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Morning Briefing for pub, restaurant and food wervice operators

Thu 12th Oct 2017 - Update: Just Eat acquisition of Hungryhouse cleared, Mark Jones
CMA – Just Eat acquisition of Hungryhouse does not raise competition concerns: The Competition and Markets Authority (CMA) has reached a provisional conclusion that Just Eat’s acquisition of Hungryhouse does not raise competition concerns. In a provisional report, published by the CMA today, a group of independent panel members investigating the merger has found that, on balance, it is unlikely to result in competition concerns. The group found that Hungryhouse presently provides limited competition to Just Eat because it is much smaller in size and offers too few unique restaurants, making it increasingly difficult for Hungryhouse to attract and retain consumers. Furthermore, it found that the industry is evolving rapidly following the entry of platforms, such as Deliveroo, UberEATS and Amazon, which also manage or facilitate delivery services on behalf of restaurants. These companies generally present a greater competitive challenge to Just Eat than Hungryhouse, and this is likely to grow as they expand. In reaching its provisional conclusions, the group also took account of consumers’ ability to order directly from takeaway restaurants, either by telephone, through their websites or by walking in. Martin Cave, Inquiry Chair, said: “We carefully assessed competition in this rapidly evolving industry to make sure this merger would not result in increased prices or reduced quality of offering for either restaurants or their customers. We obtained evidence from all the major industry participants and carried out surveys, with the public and restaurants, to understand how the merger could impact both types of customers. We found that Hungryhouse was a weak competitor to Just Eat and so competition is unlikely to be substantially reduced by this merger, especially given the entry and rapid expansion of innovative suppliers in this sector.” The CMA is now asking for views on these provisional findings and will assess all the evidence before making a final decision. Anyone wishing to respond to the provisional findings should do so in writing, by no later than 12pm on 2 November 2017. Just Eat stated: “We are pleased that the CMA has provisionally concluded that this transaction does not lessen competition. We look forward to continuing to deploy our technology and expertise to help more independent restaurants develop and grow their businesses, while offering an even better service to consumers. We will continue to work with the CMA ahead of its publication of a final decision, expected in November.”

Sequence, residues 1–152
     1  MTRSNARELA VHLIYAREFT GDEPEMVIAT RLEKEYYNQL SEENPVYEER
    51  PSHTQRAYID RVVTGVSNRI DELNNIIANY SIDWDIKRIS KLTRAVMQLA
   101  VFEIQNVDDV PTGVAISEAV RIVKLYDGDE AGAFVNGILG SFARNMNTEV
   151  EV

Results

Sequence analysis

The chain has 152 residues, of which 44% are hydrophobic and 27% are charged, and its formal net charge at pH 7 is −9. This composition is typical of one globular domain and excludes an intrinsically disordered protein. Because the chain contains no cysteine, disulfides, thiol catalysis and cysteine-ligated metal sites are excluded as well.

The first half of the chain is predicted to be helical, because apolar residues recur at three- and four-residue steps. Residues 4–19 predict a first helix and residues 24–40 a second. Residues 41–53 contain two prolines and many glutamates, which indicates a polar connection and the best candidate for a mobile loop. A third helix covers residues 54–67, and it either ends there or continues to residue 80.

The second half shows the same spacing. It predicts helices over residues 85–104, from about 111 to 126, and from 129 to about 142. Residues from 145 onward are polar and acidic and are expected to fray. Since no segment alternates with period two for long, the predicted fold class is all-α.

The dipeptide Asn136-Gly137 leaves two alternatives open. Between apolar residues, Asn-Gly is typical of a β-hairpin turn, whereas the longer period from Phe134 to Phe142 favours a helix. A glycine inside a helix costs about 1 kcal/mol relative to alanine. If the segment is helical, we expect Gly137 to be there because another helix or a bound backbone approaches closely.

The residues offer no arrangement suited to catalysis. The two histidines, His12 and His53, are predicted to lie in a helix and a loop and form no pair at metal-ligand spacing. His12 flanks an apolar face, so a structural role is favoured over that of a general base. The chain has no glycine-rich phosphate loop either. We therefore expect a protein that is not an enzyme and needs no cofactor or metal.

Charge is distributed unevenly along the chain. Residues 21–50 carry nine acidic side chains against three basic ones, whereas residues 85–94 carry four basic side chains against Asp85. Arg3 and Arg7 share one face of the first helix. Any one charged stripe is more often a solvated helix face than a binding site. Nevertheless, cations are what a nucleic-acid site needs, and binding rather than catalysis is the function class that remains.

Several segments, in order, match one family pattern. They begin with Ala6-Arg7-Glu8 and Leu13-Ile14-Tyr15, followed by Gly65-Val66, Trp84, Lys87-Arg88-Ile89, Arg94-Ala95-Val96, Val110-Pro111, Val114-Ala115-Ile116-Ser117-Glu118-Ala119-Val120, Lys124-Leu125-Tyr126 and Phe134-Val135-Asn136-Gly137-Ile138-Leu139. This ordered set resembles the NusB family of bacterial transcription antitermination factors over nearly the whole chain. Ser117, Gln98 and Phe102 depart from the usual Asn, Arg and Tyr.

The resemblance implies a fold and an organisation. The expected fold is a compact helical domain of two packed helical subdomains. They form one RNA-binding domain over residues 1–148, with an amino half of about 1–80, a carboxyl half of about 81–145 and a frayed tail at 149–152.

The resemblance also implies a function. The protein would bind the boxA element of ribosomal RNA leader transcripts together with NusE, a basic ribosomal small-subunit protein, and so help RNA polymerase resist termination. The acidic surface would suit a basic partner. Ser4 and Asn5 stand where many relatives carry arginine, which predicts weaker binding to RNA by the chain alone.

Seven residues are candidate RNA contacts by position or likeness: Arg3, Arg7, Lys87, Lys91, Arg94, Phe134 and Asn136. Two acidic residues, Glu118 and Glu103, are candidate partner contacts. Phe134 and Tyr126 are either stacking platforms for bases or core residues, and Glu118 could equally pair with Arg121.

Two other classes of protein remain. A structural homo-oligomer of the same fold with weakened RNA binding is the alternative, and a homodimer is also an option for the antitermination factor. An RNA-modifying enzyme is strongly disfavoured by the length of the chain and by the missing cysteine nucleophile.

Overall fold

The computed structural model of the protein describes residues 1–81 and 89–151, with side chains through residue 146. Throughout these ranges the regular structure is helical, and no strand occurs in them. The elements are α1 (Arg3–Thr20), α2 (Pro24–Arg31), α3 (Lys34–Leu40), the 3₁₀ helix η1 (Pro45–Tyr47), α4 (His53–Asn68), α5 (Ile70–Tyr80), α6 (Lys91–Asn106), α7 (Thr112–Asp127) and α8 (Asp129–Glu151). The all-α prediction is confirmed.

Mark Jones to step down from Goals Soccer Centres: Goals Soccer Centres, the operator of outdoor small-sided soccer centres with 48 sites, including two in California, has announced that chief executive Mark Jones, who ran Yates’s and Pizza Hut earlier in his career, has notified the board of his intention to resign from the board and the company as he has decided to take another role in the private sector. The company stated: “The search for a strong successor has already commenced and the board will update on this process when appropriate. In order to further progress the strategic turnaround of the company, Mark will continue in his role whilst his successor is sought. The board wishes to thank Mark for his contribution and wishes him well for the future.”

Booker Group reports sale and profit rise: Booker Group has reported total sales were £2.6bn, up 2.5%, with non-tobacco up +7.5% and tobacco down 9.0% due to changes in legislation, in the 24 weeks to 8 September. Like-for-like sales +2.7%, non tobacco like-for-like sales up 7.7%, and tobacco like-for-like sales down 8.7%. Profit before tax was £88.0m, up 9%. Internet sales were up 11% to £560m. The company stated of its merger with Tesco: “On 27 January we announced the planned merger with Tesco PLC to form the UK’s leading food business. This combination should improve choice, quality, prices and service for the UK consumer. It should also help the Booker catering, retail and small business customer prosper in a challenging market. Our proposed merger with Tesco is undergoing an in-depth ‘Phase 2’ investigation by the Competition and Markets Authority (CMA). Provisional findings are expected to be made public by the CMA by the end of this month, ahead of a final report by the end of the year. It is expected that the merger will complete in early 2018, subject to, amongst other things, the necessary shareholder approvals. During this process Booker will continue to ensure it is “Business as Usual”. We are excited by the opportunities the merger will create for consumers, our customers, suppliers, colleagues and shareholders.” Charles Wilson, chief executive of Booker, said: “Booker Group continues to make good progress with like-for-like non tobacco sales up 7.7%. Our plans to Focus, Drive and Broaden Booker Group are on track. The competition review of the planned merger with Tesco is progressing. We continue to help our retail, catering and small business customers prosper through improving our choice, prices and service.”

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